Trends reflect improving real estate market in Mesa County
Phil Castle, The Business Times:
Annette Miller believes the Mesa County real estate market is still moving through a proverbial valley, and a wide one at that. But if recent trends continue, the market slowly will move out of that valley.
Real estate sales remain on pace to top last year and reverse a four-year downward trend, although dollar volume lags as property foreclosures hold down prices. Foreclosure activity has slowed, however. And inventory levels have retreated as supply and demand come closer to equilibrium. There’s also the promise an improving labor market could further buoy the housing market.
“Dynamics could change,” said Miller, a senior vice president at Heritage Title Co. in Grand Junction who closely tracks the real estate market.
Kevin Borman, managing broker of Keller Williams Colorado West Realty and the newly installed chairman of the Grand Junction Area Realtor Association, agreed. “Overall, we’re definitely seeing improvement in the market.”
Borman said the analogy of the market going through a valley is appropriate. “If we’re not on the bottom, I feel we’re fairly close,” he said.
According to figures from Miller, 227 real estate transactions worth a total of $44.8 million were reported in Mesa County in October. The number of transactions was up 8.6 percent over the 209 sales reported for October 2010. The dollar volume was down 6.8 percent from the $48.1 million reported a year ago.
The latest numbers bring real estate transactions through the first 10 months of 2011 to 2,220, up 5.4 percent from the 2,106 transactions reported during the same span last year.
At an average of 220 sales a month, the Mesa County real estate market remains on pace for 2,640 transactions for 2011. That would top 2010 by almost 5 percent and reverse the downward trend that’s followed the most recent market peak in 2006.
Nonethless, the total would remain below 2009 and constitute a little more than a third of the more than 7,000 transactions that ocurred in 2005 and 2006.
The dollar volume of real estate sales through October 2011 in Mesa County totalled $455 million, a decline of almost 8.2 percent from the $495.6 million in dollar volume for the same period last year.
October 2011 figures don’t include the sale of 39 government-owned properties for which the prices weren’t disclosed, Miller said. A total of 81 government- and bank-owned properties were sold during the month, accounting for nearly 36 percent of all sales.
For October 2010, 47 real estate-owned properties were sold, 12 of those government-owned properties, she said.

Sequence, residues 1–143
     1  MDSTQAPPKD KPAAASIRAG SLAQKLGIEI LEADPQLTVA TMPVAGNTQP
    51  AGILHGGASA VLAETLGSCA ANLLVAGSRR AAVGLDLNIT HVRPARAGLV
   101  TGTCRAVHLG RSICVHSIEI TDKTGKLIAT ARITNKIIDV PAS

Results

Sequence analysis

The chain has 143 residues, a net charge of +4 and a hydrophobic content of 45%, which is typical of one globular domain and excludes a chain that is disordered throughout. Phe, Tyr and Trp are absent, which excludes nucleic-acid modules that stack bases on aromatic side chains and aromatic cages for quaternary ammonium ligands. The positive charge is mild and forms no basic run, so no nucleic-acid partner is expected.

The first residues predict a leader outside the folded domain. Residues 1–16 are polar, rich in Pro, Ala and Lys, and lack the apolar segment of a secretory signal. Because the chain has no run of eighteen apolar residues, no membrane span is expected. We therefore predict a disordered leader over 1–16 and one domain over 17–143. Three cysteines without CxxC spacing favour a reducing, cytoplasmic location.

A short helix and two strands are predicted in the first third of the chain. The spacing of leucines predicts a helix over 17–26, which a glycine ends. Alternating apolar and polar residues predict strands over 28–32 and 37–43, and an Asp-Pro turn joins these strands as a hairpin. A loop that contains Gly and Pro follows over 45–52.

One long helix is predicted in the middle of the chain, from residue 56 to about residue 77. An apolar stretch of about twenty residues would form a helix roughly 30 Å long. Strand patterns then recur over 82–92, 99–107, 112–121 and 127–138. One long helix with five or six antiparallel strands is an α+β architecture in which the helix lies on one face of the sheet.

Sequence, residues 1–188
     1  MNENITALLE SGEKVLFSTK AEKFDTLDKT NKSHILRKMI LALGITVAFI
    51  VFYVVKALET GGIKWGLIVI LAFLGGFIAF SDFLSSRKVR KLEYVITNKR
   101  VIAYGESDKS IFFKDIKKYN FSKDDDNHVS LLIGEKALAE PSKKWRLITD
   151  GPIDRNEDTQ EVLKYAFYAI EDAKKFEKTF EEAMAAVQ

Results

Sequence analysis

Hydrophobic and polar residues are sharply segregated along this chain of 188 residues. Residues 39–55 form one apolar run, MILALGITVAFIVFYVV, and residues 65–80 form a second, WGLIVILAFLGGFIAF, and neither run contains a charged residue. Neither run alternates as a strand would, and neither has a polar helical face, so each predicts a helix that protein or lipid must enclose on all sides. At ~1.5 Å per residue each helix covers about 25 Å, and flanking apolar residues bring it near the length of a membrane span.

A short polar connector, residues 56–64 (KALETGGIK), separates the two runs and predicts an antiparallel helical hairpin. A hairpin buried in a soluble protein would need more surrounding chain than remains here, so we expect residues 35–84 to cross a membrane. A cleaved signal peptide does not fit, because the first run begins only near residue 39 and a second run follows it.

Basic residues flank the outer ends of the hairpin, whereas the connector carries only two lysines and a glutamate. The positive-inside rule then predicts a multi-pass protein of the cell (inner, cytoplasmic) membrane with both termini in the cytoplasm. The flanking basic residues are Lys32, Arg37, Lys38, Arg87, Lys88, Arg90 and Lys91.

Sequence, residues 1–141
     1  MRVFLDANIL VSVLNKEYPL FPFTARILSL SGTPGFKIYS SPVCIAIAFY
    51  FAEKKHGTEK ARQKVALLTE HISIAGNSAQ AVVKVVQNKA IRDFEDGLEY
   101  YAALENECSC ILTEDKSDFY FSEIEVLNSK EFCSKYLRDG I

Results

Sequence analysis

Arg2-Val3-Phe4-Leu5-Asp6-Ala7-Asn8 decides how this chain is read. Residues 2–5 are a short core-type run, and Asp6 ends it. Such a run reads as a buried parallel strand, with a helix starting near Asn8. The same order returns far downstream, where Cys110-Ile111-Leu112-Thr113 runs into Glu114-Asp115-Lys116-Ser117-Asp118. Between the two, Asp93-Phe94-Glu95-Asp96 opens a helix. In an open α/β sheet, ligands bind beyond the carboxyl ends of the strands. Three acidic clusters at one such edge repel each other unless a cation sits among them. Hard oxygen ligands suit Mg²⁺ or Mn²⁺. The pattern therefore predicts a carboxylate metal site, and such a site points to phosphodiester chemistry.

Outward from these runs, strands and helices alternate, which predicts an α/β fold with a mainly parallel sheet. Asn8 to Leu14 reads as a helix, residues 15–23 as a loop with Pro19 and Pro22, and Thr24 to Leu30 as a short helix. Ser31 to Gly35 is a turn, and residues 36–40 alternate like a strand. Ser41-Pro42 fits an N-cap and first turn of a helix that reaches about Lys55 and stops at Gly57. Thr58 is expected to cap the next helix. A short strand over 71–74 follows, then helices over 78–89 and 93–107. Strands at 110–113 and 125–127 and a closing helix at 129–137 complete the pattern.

Sales of real estate owned properties tend to pull down prices because they usually sell for less than comparable properties on the market.
Nonetheless, it’s necessary to work through the inventory of foreclosed properties, Miller said. “It has to happen for the future health of the housing market.”
Moreover, there are signs property foreclosure activity is slowing in Mesa County.
For October, 106 foreclosure filings and 98 sales were reported, Miller said. Filings fell nearly 41 percent compared to the same month last year, although sales increased more than 36 percent.
Filings constitute the beginning of the foreclosure process, while sales come at the end. Because of the time in between, both a filing and sale for a given property don’t occur in the same month.
For the period between January and October 2011, 1,000 filings and 810 sales were reported. Year-to-date filings declined 23.4 percent, while sales dipped 2.6 percent.
Borman said statistics derived from the multiple listing service through the end of September show that active listings have dropped to 1,116, almost half the number of listings at same time last year.
Assuming that number remained unchanged, that would leave about a five-month inventory of housing at the current pace of sales. That means supply and demand are moving closer to what’s considered a balance, Borman said.
Lower prices and historically low interest rates have made housing more affordable and driven up real estate activity, he said, particularly on the lower end of the price spectrum.
According to Miller’s numbers, most real estate sales in Mesa County through the third quarter of 2011, occurred in the price range between $120,000 and $150,000 and accounted for nearly 25 percent of all sales.
Another 14 percent of sales occurred in the price range between $100,000 and $120,000.
Improving labor conditions also could help the housing market, Miller said. As more people join the labor force, home sales will increase and the inventory of housing will shrink.
For September, the latest month for which estimates are available, the seasonally unadjusted unemployment rate in Mesa County dropped a full point to 8.5 percent, it’s lowest point in two years. While payrolls remain below levels of a year ago, the work force has grown over the past three months.
Borman said he expects a recovery in the real estate market to come slowly, similar to what happened following the oil shale bust in the 1980s.
Still, trends point to the market moving in the right direction, he said. “There are all good signs for us in the real estate industry.”